• That the prime mover and founder of the system has vacated that crucial role.
  • That no truly multilateral arrangements have been entered into in the WTO since the organization was founded (arguably with the exception of the Trade Facilitation Agreement).
  • That, while all swear fealty to multilateralism, most do not seem to wish to practice it
  • Bilateralism is in vogue, as it seems a relatively easier path to take, even if it is one based on discrimination.

The rock upon which the multilateral trading system was built, equality of treatment (non-discrimination) is not gone but appears to have been buried under regional and bilateral arrangements.

That discrimination in any relationship, whether with respect to race, gender, religion, or international economic exchanges, is inherently unstable, is overlooked and poorly understood.

And, as noted, on top of these shortcomings,

The current structure of the WTO’s dispute settlement system, dependent as it is on enforceability of obligations, will in eight days be no more.

In this welter of negatives, is it time to give up on the multilateral trading system, to write it off the product of a colossal mis-design, containing within it the seeds of its own destruction?  The clear answer is “no.”

Subscribing to an apocalyptic vision of the future is worse than premature, it is wholly unwarranted.  Is this a period of elevated risk? Yes.  Is there reason for concern?  Again, yes.  The challenges cannot be ignored.  Indeed the WTO’s Members must not become resigned to stasis.  They must not allow the multilateral trading system to be eroded, to drift into the realm of the ineffectual.

It is not time to abandon ship

At least a moment is needed to collect ourselves and take a look at some realities:

  • World trade is slowing but has not declined or stopped. The current situation is not good, but it is not catastrophic. The pace of productive activity within the WTO far exceeds anything witnessed within the last decade.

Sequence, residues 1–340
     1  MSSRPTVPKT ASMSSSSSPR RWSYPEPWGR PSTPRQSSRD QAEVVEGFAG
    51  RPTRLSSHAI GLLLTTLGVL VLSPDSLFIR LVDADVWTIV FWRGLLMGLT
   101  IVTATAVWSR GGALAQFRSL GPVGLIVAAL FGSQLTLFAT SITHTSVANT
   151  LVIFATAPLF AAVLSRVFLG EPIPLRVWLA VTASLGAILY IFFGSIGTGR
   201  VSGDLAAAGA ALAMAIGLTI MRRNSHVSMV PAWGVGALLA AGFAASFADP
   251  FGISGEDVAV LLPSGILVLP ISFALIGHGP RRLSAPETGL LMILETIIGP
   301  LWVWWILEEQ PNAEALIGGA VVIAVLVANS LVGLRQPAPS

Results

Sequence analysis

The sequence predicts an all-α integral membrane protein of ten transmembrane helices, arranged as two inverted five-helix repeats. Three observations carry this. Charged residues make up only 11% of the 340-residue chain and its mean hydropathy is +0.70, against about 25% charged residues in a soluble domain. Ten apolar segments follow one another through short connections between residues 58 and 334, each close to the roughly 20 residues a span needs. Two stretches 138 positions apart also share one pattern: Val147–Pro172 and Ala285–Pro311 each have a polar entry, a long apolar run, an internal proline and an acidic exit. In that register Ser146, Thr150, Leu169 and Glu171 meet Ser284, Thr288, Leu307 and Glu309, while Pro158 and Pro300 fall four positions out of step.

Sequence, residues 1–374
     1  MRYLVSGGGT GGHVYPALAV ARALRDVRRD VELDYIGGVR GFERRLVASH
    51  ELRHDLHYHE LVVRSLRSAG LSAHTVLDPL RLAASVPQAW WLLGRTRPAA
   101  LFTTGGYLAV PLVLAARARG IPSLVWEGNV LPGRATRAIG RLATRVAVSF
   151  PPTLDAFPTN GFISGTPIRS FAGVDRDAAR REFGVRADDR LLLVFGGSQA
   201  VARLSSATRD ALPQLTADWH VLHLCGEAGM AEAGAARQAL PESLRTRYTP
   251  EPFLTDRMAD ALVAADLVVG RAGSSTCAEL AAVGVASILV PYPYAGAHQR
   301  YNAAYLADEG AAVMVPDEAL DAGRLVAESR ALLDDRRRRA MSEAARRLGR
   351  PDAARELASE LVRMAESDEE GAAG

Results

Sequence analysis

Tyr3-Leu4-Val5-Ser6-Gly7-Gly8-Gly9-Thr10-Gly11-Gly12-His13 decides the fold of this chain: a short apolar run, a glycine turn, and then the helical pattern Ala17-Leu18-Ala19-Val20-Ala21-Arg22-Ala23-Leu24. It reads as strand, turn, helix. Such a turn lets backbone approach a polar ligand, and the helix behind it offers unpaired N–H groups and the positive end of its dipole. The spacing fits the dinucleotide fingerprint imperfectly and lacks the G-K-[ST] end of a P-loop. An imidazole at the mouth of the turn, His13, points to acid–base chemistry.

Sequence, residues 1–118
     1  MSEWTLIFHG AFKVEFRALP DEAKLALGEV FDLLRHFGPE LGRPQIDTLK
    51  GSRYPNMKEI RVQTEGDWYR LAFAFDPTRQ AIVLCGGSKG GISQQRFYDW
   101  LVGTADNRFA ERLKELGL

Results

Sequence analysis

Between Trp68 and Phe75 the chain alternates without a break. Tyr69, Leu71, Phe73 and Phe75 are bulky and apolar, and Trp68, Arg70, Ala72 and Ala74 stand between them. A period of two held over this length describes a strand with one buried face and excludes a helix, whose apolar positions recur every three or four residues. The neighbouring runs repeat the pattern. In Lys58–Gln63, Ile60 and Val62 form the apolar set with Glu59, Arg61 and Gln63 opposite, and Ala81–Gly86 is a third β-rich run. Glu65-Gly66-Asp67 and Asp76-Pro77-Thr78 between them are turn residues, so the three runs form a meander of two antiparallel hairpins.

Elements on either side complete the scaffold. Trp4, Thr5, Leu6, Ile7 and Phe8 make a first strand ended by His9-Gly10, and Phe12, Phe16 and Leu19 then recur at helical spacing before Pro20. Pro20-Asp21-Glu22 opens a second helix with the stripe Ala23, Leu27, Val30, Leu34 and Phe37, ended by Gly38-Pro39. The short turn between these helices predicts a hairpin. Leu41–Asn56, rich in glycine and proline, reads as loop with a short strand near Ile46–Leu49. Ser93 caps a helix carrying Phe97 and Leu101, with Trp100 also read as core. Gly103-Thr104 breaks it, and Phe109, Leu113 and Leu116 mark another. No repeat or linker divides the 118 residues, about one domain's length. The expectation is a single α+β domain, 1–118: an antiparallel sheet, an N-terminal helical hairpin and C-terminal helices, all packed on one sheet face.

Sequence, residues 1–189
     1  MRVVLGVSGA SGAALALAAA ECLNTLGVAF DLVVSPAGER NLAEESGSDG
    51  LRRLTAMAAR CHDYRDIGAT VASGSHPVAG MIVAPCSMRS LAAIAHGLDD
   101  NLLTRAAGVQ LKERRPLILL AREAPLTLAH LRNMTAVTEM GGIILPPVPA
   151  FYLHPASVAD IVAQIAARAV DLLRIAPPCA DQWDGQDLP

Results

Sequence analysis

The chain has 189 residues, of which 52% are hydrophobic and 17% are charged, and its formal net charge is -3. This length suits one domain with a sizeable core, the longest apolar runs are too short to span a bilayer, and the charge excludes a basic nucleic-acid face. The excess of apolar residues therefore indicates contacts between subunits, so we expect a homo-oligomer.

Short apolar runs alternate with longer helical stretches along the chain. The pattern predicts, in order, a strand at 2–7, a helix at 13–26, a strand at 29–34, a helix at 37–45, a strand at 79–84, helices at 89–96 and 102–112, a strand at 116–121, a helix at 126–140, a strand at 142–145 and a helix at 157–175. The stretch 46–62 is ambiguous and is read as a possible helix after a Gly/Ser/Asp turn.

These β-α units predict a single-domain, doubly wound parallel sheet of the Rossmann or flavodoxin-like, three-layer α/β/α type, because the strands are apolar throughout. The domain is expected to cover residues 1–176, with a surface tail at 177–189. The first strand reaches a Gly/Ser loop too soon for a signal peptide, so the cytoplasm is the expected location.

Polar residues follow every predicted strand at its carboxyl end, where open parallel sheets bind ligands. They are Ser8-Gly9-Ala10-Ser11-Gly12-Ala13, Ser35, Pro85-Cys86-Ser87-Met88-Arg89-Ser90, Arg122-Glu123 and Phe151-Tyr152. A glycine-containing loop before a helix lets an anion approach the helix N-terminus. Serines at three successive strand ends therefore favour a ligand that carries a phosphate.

• Progress is being made to discipline fishery subsidies, to stop the plundering of the world’s marine resources,
  • Groups of countries accounting for three quarters of the world’s economic activity have joined together to craft rules
  • To foster the growth of the digital economy
  • To facilitate cross border investment
  • To reduce domestic regulatory impediments to the provision of services
  • To provide greater equality of opportunity to small business,

And not least,

  • To empower women to share more fully in the benefits of world trade.

Nor have the WTO’s Members given up on finding a solution to the impasse over restoring the appellate function of the WTO’s dispute settlement system.  Pragmatism rather than lassitude will characterize what comes next.  There will be a variety of interim arrangements crafted to mediate and arbitrate disputes.  WTO dispute settlement will still be the primary means to enforce WTO obligations, still relying on independent panels and reviewed as parties wish, by arbitrators.  The gap between opposing positions on changes to be made to the WTO dispute settlement system is not an unbridgeable chasm.  All that is needed is a modicum of good sense and a better understanding of differing points of view.  The basis exists for resolving outstanding issues.